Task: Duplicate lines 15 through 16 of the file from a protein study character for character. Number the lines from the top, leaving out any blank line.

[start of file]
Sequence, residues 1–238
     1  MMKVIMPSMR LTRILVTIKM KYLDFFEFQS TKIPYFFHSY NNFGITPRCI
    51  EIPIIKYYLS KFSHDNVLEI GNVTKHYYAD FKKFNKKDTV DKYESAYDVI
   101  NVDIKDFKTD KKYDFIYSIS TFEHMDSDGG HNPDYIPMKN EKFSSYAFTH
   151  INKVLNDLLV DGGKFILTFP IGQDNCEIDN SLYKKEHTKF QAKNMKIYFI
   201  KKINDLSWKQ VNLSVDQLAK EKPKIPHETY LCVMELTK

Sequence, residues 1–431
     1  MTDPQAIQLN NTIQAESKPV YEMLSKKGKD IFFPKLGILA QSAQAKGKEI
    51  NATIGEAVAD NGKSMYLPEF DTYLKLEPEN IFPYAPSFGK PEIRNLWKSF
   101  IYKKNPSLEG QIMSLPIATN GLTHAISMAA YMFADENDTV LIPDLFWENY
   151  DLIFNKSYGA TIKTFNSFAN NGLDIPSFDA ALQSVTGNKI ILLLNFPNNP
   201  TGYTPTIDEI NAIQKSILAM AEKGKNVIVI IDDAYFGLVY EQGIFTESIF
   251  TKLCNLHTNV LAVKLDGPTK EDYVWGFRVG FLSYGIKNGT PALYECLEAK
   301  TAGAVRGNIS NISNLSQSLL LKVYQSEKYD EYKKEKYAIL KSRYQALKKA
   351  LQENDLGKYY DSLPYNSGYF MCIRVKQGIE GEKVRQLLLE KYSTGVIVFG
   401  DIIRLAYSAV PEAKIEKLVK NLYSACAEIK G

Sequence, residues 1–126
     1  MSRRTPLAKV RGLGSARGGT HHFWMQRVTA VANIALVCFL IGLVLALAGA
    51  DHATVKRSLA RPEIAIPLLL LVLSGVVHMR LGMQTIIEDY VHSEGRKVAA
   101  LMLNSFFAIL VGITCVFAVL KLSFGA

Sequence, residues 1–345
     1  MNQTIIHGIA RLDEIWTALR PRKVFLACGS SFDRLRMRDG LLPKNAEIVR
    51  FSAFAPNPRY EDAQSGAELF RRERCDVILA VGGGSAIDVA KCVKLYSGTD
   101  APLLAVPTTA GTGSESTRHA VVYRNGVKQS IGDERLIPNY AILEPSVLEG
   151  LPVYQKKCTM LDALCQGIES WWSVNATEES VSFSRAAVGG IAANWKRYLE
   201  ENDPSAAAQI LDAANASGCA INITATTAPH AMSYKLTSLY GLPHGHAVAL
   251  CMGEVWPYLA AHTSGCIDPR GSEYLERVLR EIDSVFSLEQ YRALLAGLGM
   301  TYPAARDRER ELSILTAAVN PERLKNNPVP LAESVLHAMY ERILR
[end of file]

   351  LQENDLGKYY DSLPYNSGYF MCIRVKQGIE GEKVRQLLLE KYSTGVIVFG
   401  DIIRLAYSAV PEAKIEKLVK NLYSACAEIK G